AXA quantifies each risk with a traffic light system of red, amber and green, which correspond to severe, moderate and minor, respectively. This then gives the firm visibility over what the potential reputation risks are. For instance, it could be how many agents or employees leave the firm on an annual basis, which could become a reputation issue. They then move to prevention to tackle the root problem.
To ensure the whole company sings the same tune, AXA also has a firm escalation policy from local markets to HQ. 'Even if we're going to say 'no comment' we need to know what is going on,' she said. This is handled by one dedicated in-country representative who gathers all the local facts of an issue and bundles it up to HQ.
Gori advises that reputation issues be prioritized based on their ability to cause the firm to lose its license to operate, lead to increased regulatory scrutiny or closer scrutiny from media and other stakeholders, which has the ability to perpetuate a reputation issue.
Measuring the extent of reputation damage
Attempting to make qualitative risks quantifiable is the central challenge. A reputation issue could be caused by an operational disaster that drags the firm's reputation down for months or even years. It's not impossible to clean up a reputation problem. INSEAD Professor of Accounting and Control, Gilles Hilary, outlined the steps taken by the International Olympic Committee in the wake of a bribery scandal as effective for countering reputation damage: apologize immediately, investigate and punish and then reform.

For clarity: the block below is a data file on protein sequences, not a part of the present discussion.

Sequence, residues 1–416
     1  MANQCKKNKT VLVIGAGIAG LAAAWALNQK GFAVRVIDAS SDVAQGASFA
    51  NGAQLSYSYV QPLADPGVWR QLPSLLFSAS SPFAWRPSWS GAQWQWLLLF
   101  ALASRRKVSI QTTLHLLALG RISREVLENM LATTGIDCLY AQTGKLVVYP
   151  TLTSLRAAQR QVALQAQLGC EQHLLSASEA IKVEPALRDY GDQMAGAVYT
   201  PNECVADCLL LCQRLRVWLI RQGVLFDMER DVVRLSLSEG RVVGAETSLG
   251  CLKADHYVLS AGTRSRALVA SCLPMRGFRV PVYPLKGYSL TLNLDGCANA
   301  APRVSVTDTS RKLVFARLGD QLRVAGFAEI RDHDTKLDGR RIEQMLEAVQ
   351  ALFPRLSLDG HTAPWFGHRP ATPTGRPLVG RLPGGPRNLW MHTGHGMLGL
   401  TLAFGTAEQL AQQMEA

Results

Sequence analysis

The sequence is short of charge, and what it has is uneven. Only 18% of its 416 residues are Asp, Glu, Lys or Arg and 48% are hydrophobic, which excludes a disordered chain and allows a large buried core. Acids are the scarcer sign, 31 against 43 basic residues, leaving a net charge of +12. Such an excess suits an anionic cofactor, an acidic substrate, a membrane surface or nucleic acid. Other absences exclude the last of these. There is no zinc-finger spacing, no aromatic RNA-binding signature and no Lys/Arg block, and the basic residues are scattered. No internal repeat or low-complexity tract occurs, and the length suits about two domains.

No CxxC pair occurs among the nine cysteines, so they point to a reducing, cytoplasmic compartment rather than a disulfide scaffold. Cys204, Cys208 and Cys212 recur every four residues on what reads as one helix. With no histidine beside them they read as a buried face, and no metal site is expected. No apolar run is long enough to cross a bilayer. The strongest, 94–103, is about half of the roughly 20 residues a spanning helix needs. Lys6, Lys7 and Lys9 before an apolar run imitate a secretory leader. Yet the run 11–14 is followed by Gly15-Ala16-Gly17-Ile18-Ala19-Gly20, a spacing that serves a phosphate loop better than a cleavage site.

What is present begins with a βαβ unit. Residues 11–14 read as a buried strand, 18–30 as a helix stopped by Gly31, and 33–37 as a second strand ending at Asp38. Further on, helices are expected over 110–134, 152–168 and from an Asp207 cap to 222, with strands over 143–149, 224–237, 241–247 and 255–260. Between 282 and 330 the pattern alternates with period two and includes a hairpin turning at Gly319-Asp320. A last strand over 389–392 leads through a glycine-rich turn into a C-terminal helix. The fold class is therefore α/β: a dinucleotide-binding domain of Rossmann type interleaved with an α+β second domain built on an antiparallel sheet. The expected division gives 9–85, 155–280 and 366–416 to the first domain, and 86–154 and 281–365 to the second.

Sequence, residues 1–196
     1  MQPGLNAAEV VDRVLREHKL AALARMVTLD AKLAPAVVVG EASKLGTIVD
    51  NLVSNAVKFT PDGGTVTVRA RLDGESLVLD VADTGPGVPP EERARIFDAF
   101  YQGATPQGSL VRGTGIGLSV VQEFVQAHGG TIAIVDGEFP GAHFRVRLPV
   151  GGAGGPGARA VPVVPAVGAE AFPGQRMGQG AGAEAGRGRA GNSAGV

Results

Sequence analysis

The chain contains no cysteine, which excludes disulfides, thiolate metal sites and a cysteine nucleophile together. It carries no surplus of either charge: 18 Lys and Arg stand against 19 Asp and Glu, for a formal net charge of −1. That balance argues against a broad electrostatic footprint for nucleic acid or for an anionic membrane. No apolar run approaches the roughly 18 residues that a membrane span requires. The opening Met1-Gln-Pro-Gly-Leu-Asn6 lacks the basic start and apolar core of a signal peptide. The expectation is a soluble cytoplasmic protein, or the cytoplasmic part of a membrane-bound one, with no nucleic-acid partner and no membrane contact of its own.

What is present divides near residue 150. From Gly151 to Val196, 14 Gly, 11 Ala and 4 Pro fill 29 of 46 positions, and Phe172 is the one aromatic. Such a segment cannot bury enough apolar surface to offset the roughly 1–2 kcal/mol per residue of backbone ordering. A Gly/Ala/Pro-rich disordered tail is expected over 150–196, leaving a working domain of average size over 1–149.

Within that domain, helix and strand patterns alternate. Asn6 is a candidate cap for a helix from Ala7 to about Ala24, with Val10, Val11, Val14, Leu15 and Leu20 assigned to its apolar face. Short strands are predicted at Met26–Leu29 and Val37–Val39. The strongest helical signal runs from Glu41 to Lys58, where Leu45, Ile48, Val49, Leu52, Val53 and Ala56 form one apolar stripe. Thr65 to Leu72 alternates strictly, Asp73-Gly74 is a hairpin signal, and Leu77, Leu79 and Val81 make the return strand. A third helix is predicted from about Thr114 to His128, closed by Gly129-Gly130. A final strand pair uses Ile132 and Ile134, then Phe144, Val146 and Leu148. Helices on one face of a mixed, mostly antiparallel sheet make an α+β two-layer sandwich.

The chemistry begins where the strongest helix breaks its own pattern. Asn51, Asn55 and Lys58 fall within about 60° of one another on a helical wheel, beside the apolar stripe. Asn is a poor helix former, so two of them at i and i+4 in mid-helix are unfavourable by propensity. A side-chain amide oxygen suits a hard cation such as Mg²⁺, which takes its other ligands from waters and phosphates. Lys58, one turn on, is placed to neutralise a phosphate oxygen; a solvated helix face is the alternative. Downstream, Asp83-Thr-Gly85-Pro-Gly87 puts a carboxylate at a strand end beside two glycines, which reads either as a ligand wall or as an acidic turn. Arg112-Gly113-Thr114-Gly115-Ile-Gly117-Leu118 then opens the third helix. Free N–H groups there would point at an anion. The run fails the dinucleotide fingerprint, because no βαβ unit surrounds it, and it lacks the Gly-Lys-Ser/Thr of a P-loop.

But prevention is better than cure. Ultimately, the source of any reputation damage is a culture that allowed an incident to occur. Gori recommends building risk intelligence and compliance into company culture to ensure that the frameworks to facilitate whistle blowing and reporting are there as well as the willingness to use them. This, she says, must come from the top.
The writer is an INSEAD professor of accounting and control and The Mubadala chaired professor in Corporate Governance and Strategy. This article is republished courtesy of INSEAD Knowledge (http://knowledge.insead.edu) Copyright INSEAD 2014.